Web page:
Released:
14-Oct-2019 9:00 AM EDT
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Article ID: 720640

National focus on overdose prevention should include alcohol too, study suggests

Michigan Medicine - University of Michigan

The need to prevent and rapidly treat opioid overdoses is in the spotlight. But a new study suggests more focus is needed on the risk of alcohol overdoses among people who use opioids of all kinds, and other drugs. Ninety percent of residential recovery center patients surveyed had overdosed on alcohol at least once, and 80 percent of them said that at the time of their overdose, they had also been taking other drugs.

Released:
11-Oct-2019 3:05 PM EDT
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Article ID: 720503

Cancer Patients Want to Pull Back the Curtain on Pathology

Michigan Medicine - University of Michigan

And as interest in patient-pathologist consulting programs has gained momentum nationally, researchers at Michigan Medicine have conducted the first known survey to quantify patient interest in pathology services and to better understand how patients might feel about meeting their pathologist and seeing images of their tissues.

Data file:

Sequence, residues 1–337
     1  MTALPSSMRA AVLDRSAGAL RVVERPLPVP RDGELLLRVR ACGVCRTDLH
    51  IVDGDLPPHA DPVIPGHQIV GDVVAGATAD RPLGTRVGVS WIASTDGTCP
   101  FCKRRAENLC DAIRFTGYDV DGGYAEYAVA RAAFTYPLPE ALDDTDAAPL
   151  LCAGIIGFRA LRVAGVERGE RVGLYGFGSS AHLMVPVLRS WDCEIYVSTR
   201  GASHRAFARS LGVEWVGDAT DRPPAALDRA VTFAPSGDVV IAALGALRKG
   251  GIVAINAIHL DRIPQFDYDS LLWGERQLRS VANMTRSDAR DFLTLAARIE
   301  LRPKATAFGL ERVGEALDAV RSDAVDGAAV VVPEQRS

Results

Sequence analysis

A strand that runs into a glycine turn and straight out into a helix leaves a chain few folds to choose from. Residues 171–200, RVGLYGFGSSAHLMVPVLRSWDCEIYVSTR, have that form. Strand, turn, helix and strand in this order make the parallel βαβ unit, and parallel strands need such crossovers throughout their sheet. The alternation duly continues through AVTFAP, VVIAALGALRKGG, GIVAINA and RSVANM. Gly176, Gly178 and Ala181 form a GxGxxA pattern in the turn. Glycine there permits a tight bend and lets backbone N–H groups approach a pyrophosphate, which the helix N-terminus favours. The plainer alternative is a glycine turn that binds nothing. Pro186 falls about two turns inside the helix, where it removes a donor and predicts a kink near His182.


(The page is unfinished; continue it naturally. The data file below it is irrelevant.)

Released:
10-Oct-2019 7:05 AM EDT
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Research Results

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All Journal News, Cancer,

Languages:

English

Newswise: Research on Firearm Injuries to U.S. Children Gets 30 Times Less Funding Per Death Than Other Causes
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    7-Oct-2019 4:00 PM EDT

Article ID: 720189

Research on Firearm Injuries to U.S. Children Gets 30 Times Less Funding Per Death Than Other Causes

Michigan Medicine - University of Michigan

Firearm injuries kill 2,500 American children each year. But the nation spends far less on studying what led to these injuries, and what might prevent and treat them, than it spends on other causes of death in children. In fact, on a per-death basis, funding for pediatric firearm research is 30 times lower than it would have to be to keep pace with research on other child health threats.

Released:
4-Oct-2019 8:05 AM EDT
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Newswise: Study: U.S. Firearm Death Rate Rose Sharply in Recent Years Across Most States & Demographic Groups
  • Embargo expired:
    7-Oct-2019 4:00 PM EDT

Article ID: 720304

Study: U.S. Firearm Death Rate Rose Sharply in Recent Years Across Most States & Demographic Groups

Michigan Medicine - University of Michigan

The rate at which Americans died from firearm injuries increased sharply starting in 2015, a new study shows. The change occurred to varying degrees across different states, types of firearm death such as homicide and suicide, and demographics. In all, the US saw a 14% rise in the rate of firearm deaths from 2015 through 2017, compared with the rate seen in the years 1999 through 2014.

Released:
7-Oct-2019 12:05 PM EDT